The origin of the idea that those who ignore history are condemned to repeat it is sometimes attributed to Edmund Burke, the 18th century Irish statesman and economist. In reality it was first proposed by George Santayana, the Spanish philosopher, essayist, poet and novelist. Burke is perhaps better known for his observation that “the only thing necessary for evil to triumph is for good men to do nothing”. It is a point that still chimes with many people today – the implication being that evil is a part of the mindset of mankind and that is must always be challenged.

Winston Churchill also paraphrased Santayana in a speech he gave to the House of Commons in 1948. His slight variation was that those who fail to learn from history are condemned to repeat it. The emphasis here being on learning lessons from history, not just knowing it as Santayana suggested.

Going back in time, similar ideas have been suggested by Confucius when he suggested that mankind should “study the past if you wish to define the future”. It is a point echoed by American President Roosevelt when he noted that “the more you know the past, the better prepared you are for the future”.

These ideas convey a simple point. The past defines a context in which things we do today and tomorrow are set. In the unforgiving age of social media, where actions are placed under the microscope of personal opinion, the nature of the lens through which the past is seen is important.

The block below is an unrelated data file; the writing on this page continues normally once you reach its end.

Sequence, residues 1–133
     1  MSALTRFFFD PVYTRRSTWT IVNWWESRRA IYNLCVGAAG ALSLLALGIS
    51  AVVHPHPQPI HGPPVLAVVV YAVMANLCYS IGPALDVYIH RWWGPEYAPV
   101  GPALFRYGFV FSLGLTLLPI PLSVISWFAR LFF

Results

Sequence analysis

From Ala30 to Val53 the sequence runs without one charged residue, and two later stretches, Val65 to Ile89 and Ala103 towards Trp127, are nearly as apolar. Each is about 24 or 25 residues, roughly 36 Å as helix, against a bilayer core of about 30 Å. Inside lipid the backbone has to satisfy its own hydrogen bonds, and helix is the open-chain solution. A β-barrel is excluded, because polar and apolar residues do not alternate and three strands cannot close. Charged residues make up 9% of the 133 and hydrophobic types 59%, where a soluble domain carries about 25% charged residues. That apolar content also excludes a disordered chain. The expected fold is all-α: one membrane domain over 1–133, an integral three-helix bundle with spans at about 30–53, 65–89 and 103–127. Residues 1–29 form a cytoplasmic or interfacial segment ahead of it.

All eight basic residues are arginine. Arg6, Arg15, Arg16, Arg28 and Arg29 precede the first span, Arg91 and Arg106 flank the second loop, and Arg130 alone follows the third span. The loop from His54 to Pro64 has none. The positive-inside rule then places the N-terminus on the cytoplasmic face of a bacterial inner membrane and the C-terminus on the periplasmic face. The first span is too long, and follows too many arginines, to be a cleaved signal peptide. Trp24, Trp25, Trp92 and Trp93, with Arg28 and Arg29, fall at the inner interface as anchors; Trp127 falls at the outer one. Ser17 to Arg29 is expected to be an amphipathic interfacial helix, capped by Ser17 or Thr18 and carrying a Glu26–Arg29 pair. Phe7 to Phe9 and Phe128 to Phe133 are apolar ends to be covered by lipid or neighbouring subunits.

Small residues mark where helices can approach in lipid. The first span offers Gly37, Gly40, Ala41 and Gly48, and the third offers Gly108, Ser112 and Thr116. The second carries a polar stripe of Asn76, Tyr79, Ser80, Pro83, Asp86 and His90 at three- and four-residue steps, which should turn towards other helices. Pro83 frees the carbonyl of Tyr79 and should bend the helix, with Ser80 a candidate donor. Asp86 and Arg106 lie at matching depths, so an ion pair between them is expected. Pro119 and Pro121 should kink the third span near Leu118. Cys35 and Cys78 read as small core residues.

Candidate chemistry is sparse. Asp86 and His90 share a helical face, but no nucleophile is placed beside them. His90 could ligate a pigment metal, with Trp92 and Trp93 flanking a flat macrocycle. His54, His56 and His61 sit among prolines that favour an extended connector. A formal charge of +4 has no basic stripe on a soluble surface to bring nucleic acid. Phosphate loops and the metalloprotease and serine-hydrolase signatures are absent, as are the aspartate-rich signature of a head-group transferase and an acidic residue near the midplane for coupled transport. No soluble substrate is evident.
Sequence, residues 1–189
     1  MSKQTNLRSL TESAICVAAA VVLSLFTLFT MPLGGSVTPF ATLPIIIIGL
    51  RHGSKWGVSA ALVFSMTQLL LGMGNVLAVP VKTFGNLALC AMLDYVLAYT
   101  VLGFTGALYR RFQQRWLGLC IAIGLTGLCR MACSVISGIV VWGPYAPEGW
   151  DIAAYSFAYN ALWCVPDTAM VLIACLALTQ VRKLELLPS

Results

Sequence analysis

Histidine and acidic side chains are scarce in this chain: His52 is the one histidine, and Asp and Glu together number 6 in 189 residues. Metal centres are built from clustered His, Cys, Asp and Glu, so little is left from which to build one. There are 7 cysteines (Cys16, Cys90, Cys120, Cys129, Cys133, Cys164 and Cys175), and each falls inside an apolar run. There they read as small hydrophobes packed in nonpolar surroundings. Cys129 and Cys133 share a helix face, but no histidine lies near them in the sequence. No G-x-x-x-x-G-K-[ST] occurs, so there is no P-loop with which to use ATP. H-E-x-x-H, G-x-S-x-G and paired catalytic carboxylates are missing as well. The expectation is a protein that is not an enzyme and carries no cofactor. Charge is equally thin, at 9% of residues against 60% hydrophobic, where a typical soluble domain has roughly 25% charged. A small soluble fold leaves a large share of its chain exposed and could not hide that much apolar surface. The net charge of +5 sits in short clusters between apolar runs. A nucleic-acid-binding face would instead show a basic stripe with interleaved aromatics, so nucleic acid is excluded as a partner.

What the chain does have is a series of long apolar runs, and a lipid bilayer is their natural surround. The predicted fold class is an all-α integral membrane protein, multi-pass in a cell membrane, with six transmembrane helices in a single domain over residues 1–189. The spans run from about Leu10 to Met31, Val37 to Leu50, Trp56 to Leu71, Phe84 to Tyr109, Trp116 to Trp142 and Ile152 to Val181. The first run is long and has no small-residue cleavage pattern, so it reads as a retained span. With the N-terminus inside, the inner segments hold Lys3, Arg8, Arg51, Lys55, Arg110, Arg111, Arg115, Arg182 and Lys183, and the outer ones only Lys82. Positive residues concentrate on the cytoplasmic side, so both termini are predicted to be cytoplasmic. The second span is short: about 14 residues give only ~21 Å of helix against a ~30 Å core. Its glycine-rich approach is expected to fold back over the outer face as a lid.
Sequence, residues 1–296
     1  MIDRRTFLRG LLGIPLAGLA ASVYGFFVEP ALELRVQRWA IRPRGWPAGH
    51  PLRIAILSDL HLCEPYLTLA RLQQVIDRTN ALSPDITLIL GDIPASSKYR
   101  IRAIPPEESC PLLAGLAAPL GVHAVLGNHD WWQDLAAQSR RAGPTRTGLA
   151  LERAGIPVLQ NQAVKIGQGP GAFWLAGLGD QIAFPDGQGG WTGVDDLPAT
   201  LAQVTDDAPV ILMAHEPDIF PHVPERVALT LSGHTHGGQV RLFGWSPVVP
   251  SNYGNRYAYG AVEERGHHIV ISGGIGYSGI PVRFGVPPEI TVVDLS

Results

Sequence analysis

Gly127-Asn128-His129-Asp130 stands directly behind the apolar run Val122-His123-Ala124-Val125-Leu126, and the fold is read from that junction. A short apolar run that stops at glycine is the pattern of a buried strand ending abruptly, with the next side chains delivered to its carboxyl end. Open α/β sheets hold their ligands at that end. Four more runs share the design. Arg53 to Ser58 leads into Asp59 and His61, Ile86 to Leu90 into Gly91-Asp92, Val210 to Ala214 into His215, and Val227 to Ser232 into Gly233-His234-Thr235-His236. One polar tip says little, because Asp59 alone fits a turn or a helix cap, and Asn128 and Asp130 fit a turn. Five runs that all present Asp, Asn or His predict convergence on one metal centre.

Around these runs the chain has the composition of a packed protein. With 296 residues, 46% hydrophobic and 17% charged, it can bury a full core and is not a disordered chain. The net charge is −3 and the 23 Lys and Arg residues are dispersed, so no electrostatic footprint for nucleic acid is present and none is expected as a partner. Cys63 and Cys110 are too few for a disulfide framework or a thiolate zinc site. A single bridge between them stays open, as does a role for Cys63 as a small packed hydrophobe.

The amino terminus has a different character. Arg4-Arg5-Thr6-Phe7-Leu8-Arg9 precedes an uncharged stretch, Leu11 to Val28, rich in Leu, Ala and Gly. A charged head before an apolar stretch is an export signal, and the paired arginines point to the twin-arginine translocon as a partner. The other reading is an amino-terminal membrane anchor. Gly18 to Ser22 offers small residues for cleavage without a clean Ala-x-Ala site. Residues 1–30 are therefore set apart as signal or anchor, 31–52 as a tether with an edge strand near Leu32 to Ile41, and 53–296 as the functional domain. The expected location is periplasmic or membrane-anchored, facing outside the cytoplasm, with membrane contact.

If the lens is convex, what is seen is the dispersal of history, removing clarity as to what is being seen. It is hard to judge any value from history when it is presented in such a diverse way. If, however, the lens is concave, history is focused to a point and a finely honed view of history appears that can be beneficial to those who wish to follow Winston Churchill’s lead and learn important lessons.

From this it is possible to take an important step. Resilient societies, such as that which we should aspire to if we are to keep evil at bay, have to be capable of learning lessons, of accepting where things have gone wrong and addressing them. Importantly, we must also recognise that to learn lessons that requires actions that inculcate these lessons into the deep psyche of organisations; overcoming natural cultural resistance to change and using the mantra, if it works do not fix it.

Paying lip service to lessons that should be learnt risks public opprobrium when yet another public inquiry concludes that the problems with dealing with an event arose due to communications difficulties. In an era where 5G technologies are giving us the ability to stream live video from an incident and also analyse it in real time, such notions have to become things of the past.